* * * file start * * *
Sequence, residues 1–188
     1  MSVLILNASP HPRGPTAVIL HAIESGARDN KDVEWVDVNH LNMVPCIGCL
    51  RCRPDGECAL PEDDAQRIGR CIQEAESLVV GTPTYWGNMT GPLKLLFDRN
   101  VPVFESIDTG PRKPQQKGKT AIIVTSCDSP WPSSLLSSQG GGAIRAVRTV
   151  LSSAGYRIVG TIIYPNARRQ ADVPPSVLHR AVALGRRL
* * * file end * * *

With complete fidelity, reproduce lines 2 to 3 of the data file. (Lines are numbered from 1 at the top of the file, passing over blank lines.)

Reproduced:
     1  MSVLILNASP HPRGPTAVIL HAIESGARDN KDVEWVDVNH LNMVPCIGCL
    51  RCRPDGECAL PEDDAQRIGR CIQEAESLVV GTPTYWGNMT GPLKLLFDRN